The NES and Famicom, short for Nintendo Entertainment System and Family Computer respectively, are two classic gaming consoles that are often mentioned in the same breath. While both were produced by the industry giant Nintendo and share many similarities, there are some differences between the two that often lead to confusion for both retro gamers and collectors alike.

In today’s post, I aim to clear up any confusion by exploring some of the key differences between the NES and Famicom.

Join me as we take a brief look at the history and development of both consoles, compare their respective designs and hardware configurations, and examine if there are unique gameplay experiences available on each system.

By the end of the post, you should have a better understanding of the NES vs. Famicom relationship, so let’s get started.

NES vs. Famicom Are They The Same?

If you’re curious about the differences between the NES and the Japanese Famicom, the short answer is that they are both names for the same gaming console produced by Nintendo. However, leaving it at that would do a disservice to both systems because there are a few essential hardware and game differences worth noting.

Japanese Famicom and game controllers

History and Development

The Famicom was the first of the two that was released, with an official launch in Japan in 1983, and quickly became a commercial success. However, when Nintendo attempted to launch the Famicom in American markets, it faced a slew of setbacks that prevented a successful launch.

Nintendo’s solution was a stroke of genius marketing rebranding. That is how the Famicom transformed into what Western audiences came to know as the NES in 1985. The strategy proved highly successful and the NES went on to become one of the best-selling consoles of all time.

Design and Hardware

It is important to note that when the NES arrived in US stores, it wasn’t just a repackaged Famicom. The design and hardware of both machines differed in several small, yet significant ways.

For example, the original Famicom design was smaller and more compact than the eventual NES design, with hardwired controllers into the console itself. Speaking of the Famicom controllers, they also featured built-in microphones, which were used in a few games and which were missing from the NES controllers.

The Famicom cartridges were also smaller and had a different shape than those used for the American NES.

On the other hand, the NES had a boxier design and featured detachable controllers with a slightly different button layout.

The NES cartridges were larger, had a rectangular shape, and featured an anti-piracy “lockout” chip to prevent unauthorized video game cartridges from being played on the console. This security feature was absent in the Japanese Famicom.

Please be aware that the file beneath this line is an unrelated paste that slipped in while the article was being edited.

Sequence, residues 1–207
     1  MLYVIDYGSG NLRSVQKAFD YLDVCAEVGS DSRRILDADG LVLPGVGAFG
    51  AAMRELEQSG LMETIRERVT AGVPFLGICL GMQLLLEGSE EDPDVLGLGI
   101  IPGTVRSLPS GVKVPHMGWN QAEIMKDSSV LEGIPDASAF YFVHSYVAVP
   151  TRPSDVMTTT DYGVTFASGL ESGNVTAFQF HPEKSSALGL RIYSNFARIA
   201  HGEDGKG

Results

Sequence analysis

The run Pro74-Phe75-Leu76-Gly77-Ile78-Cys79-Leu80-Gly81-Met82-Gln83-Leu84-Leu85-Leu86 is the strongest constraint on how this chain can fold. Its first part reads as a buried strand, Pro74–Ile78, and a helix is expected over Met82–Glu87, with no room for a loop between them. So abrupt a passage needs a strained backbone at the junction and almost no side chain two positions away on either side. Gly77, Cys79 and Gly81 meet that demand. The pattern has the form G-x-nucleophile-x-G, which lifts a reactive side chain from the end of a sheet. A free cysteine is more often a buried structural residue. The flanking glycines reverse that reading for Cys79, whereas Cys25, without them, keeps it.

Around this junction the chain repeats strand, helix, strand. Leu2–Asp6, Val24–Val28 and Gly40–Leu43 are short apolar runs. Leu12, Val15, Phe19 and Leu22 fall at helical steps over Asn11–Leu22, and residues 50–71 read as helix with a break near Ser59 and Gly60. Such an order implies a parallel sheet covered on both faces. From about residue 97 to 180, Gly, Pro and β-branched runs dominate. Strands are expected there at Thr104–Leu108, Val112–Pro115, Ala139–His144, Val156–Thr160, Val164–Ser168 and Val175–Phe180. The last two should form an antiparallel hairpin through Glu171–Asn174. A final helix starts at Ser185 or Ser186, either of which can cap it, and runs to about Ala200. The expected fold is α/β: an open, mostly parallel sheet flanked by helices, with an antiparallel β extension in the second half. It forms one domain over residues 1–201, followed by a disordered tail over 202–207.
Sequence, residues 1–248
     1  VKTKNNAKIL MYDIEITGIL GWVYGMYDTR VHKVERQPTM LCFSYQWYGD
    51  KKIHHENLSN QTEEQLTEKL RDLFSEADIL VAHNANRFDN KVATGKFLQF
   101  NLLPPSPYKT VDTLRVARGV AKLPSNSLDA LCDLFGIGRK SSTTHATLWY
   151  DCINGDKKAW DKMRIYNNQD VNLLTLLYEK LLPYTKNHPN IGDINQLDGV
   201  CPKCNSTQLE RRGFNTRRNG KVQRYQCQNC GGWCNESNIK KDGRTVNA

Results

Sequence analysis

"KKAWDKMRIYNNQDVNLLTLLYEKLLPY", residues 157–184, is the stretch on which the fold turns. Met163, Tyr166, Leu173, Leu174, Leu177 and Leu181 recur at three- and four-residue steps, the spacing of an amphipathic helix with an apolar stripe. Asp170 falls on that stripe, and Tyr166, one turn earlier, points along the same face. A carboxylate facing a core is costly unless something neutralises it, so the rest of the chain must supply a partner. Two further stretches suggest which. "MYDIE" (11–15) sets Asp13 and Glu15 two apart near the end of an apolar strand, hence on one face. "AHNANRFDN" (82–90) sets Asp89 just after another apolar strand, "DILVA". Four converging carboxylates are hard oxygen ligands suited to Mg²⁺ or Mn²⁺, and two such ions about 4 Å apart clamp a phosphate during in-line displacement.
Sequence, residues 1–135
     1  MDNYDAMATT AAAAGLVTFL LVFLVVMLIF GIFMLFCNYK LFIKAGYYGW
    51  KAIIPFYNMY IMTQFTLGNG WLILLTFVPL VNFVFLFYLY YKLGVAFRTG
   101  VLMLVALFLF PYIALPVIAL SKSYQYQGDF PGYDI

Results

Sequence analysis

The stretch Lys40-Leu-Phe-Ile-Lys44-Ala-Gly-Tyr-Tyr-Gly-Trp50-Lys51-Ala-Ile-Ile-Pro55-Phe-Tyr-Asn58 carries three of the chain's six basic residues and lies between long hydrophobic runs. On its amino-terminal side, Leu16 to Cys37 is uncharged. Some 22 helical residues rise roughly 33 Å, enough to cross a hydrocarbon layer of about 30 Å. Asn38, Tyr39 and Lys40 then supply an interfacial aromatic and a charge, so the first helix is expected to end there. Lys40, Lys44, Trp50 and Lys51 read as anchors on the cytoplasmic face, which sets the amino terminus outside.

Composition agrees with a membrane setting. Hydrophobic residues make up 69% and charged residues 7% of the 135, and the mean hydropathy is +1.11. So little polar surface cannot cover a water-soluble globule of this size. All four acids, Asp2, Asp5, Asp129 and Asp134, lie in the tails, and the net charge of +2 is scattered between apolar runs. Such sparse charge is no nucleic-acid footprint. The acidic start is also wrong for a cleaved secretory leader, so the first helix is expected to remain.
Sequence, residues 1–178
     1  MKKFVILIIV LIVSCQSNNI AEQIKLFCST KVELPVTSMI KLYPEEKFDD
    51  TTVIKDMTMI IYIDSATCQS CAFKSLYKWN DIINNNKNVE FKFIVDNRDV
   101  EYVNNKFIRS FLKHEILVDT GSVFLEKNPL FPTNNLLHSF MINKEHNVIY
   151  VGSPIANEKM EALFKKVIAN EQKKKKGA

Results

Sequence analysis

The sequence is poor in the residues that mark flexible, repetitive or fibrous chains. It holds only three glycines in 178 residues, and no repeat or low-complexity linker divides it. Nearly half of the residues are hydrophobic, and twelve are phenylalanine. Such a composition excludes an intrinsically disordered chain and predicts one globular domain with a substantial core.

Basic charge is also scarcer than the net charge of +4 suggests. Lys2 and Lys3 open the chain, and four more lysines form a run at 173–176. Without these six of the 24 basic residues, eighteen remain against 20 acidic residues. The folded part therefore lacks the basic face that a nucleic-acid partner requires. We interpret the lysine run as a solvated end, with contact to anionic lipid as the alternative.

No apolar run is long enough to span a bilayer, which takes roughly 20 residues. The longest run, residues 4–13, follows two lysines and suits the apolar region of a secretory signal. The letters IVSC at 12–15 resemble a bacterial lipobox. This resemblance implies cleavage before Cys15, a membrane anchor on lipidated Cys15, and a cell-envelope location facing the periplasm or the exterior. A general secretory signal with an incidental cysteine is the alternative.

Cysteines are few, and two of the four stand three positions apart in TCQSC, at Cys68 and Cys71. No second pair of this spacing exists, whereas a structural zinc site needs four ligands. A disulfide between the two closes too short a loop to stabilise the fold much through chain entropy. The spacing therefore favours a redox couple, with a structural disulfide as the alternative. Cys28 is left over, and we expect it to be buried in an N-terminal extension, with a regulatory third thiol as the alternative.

There difference in game cartridge size and connector used means that the games are not cross-platform compatible without attaching a special adapter that will allow you to fit Famicom games into an original NES slot.

Games and Gameplay

Speaking of games and gameplay, to the chagrin of many American Nintendo fans, many Famicom games were released exclusively for the Japanese market and the Japanese console, never making it to the NES in North America.

Likewise, some later NES games were released exclusively for the North American market and were never retroactively released on the Japanese Famicom.

Thankfully, some of the best video games developed by Nintendo at the time were released on both consoles. Such titles included Super Mario Bros, The Legend of Zelda, and Metroid.

Nevertheless, the basic gameplay experience was the same on both platforms, albeit with some minor differences resulting from the different controllers and button layouts.

Nintendo Entertainment System and Controllers

The Legacy and Impact Of The Nintendo Famicom And NES

Both the NES and Famicom had a long-lasting impact on the gaming industry and on American and Japanese popular culture.

Both systems helped to popularize home console gaming and paved the way for the eventual development and future popularity of gaming systems to come.

Their influence can still be seen today in the popularity of retro gaming and the continued popularity of Nintendo’s main franchises, Super Mario and The Legend of Zelda.

In conclusion, while the NES and Famicom are technically the same consoles internally, there are some important differences between the two that are worth noting, including their development and marketing, as well as hardware design and the offer of unique software/gameplay experiences.

Regardless of which side you fall on in the NES vs Famicom debate, there’s no denying the lasting impact that both consoles had on the gaming industry and popular culture as a whole.